Socrates: Any way you like! After I have drunk the poison, you’ll only be burying a lifeless corpse: you won’t be burying ME at all! Tell yourself you are burying ‘Socrates’ body’; Socrates himself, hopefully, will have gone to a better place!
Phaedo: Well, we’re nearly at the end of our epic story. After Socrates said these things, he and his friends, myself included, stayed on. We discussed all that we had heard and were heartbroken, for we felt we were losing not just a friend but a father as well. After he had bathed, he said his last goodbyes to his family. Soon, the jailer came in to instruct Socrates to drink the poison, but even he had tears in his eyes. ‘You’re not like the other prisoners’ he said to Socrates. ‘You are the noblest and best man to ever come into this prison. You know what I am bound to tell you; I wish you well!’. With that, the jailer left with tears in his eyes.
Socrates: What a nice chap! He’s been nothing but agreeable to me since I came in here. Anyhow, on with the job. Bring me the poison!
Crito: (desperately) Wait, Socrates! The sun has still not set. We have more time… why not sit with us, eat and drink, and spend more time with your loved ones?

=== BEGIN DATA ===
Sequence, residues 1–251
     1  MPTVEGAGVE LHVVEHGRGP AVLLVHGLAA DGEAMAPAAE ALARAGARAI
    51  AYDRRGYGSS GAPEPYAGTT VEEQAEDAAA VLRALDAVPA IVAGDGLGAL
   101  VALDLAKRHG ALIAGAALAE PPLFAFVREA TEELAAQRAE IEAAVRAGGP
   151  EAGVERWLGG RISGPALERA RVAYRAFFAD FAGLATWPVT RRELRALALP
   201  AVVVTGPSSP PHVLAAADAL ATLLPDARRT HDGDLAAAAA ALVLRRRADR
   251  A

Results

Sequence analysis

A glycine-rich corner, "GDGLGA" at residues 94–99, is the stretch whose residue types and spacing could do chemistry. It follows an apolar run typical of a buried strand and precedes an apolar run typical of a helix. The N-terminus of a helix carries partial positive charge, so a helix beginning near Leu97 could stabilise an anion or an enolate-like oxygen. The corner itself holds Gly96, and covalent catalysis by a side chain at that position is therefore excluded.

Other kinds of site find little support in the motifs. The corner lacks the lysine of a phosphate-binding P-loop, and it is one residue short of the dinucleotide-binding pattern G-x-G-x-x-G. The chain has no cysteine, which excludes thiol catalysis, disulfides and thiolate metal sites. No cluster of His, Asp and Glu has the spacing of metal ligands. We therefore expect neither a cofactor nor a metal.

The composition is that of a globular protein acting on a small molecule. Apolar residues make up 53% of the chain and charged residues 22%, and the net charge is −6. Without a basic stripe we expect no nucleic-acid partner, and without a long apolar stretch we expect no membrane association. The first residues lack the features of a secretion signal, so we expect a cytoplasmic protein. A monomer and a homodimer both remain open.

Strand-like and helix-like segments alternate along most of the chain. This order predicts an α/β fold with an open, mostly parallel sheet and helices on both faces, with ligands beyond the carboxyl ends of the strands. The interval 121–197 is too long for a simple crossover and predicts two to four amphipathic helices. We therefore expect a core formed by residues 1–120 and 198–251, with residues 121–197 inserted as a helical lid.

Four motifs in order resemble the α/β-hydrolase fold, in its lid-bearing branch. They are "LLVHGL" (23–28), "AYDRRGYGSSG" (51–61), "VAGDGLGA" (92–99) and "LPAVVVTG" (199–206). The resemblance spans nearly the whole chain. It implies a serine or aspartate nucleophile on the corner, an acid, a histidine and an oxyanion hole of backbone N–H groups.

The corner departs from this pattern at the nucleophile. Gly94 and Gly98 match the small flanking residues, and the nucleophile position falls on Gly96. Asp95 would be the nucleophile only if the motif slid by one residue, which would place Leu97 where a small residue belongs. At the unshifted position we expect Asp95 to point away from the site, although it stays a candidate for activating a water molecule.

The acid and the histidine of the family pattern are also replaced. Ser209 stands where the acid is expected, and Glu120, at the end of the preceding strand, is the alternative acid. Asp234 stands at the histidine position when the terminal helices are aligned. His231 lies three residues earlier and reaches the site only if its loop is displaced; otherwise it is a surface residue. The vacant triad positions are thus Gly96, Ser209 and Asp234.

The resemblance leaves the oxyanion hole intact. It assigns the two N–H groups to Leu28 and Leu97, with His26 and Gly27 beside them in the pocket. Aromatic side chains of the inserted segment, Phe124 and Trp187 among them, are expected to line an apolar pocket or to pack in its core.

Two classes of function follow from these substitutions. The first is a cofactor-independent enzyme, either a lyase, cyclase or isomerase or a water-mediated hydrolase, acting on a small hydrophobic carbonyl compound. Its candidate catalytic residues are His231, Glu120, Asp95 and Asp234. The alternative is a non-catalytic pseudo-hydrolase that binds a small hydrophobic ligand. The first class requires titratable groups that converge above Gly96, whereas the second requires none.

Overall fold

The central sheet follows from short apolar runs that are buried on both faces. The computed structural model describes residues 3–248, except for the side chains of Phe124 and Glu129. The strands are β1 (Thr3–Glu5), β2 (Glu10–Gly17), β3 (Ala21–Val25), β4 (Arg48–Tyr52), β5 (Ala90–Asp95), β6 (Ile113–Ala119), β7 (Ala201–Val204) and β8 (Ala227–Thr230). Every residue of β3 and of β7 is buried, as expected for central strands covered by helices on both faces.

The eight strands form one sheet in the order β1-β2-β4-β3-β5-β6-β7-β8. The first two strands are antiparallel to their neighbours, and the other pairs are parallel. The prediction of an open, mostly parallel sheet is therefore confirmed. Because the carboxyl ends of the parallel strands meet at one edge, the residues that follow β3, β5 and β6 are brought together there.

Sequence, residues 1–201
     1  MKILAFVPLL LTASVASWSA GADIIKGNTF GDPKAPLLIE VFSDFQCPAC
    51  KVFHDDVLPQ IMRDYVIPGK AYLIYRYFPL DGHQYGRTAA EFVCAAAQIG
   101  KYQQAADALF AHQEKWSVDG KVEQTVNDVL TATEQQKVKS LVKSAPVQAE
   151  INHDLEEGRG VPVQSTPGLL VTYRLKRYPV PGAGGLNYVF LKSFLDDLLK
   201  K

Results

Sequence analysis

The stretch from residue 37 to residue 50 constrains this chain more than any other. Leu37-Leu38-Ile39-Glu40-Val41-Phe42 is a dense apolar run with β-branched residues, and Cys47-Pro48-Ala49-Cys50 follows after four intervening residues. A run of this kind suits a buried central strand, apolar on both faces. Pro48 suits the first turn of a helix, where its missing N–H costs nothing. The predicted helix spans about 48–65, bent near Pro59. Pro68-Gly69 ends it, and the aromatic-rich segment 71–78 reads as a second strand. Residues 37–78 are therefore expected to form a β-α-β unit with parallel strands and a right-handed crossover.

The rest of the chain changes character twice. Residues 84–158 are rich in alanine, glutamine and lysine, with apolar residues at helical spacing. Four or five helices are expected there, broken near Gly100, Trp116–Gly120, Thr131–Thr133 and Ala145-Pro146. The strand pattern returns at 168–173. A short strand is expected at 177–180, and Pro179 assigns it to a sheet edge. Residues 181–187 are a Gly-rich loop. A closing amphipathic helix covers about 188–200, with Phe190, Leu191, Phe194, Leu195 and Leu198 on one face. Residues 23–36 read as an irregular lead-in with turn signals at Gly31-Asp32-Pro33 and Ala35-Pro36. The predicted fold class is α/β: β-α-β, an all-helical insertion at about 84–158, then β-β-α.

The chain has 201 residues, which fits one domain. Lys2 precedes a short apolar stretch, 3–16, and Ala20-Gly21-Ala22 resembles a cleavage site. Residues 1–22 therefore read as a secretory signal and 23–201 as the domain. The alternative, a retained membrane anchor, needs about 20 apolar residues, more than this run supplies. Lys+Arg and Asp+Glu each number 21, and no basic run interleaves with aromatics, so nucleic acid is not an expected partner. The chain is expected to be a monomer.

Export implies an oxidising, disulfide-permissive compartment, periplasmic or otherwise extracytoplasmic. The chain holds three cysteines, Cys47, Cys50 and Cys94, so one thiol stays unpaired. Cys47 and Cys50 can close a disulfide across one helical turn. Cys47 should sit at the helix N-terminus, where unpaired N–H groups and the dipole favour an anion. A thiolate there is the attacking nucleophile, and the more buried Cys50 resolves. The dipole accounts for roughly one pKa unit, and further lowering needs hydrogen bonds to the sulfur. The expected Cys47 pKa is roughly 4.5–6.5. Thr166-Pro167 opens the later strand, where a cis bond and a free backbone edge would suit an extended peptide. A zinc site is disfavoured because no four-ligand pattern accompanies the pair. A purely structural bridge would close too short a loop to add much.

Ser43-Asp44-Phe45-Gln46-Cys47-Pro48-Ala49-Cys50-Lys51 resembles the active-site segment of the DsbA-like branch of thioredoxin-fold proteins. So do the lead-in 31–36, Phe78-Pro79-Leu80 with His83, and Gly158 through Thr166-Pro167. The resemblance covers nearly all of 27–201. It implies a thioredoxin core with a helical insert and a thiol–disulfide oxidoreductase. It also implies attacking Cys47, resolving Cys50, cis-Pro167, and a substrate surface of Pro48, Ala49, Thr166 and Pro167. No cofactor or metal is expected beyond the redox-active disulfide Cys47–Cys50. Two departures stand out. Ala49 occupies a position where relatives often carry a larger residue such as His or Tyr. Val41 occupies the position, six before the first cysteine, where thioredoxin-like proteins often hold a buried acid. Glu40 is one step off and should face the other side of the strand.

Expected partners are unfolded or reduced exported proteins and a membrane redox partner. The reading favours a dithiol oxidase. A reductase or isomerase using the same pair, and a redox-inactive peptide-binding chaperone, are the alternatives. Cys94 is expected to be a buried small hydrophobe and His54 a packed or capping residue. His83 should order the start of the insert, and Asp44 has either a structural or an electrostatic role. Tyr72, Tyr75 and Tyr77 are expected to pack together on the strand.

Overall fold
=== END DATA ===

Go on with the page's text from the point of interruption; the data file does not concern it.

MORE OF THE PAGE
Socrates: There is no use in doing this, Crito. I do not cling to life: I have none left, so now is the time to die. Do not refuse me: bring me the poison!
Phaedo: With that, the poison was brought forth by a slave. Socrates asked him what the procedure was. The slave told him that he should drink the hemlock, and then walk around until his legs felt heavy; then he should lie down. He offered the cup to Socrates… and he took it quite cheerfully. There was no hint of change in his expression. Saying a quick prayer to the gods, Socrates drained the cup of poison.
Up to this point, myself and his friends had held back their emotion; but after we saw him drinking the poison, we could do this no longer. I covered my face, and Crito was beside himself. Socrates himself seemed annoyed by this outpouring of emotion, and bid us control ourselves. His words made us feel ashamed, and we checked our tears.
After walking around for a while, and when his legs were heavy, Socrates lay down on his back. He gradually lost the feelings in his feet and legs; and as the numbing coldness crept up his stomach towards his heart, he whispered to Crito his final words: ‘Crito, sacrifice a cockeral to Asclepius, the god of medicine’. Crito promised him he would. ‘Is there anything else, Socrates?’ he asked through the tears. But there was no reply: the great philosopher’s eyes were fixed and unmoving.
Such was the end of our comrade Socrates: a man who, we would say, was of all those we have known the best, and also the wisest and most upright, we have ever known.
What is this weird cosmological myth stuff all about? It makes no sense following on from Plato’s complex philosophical discussion about the soul!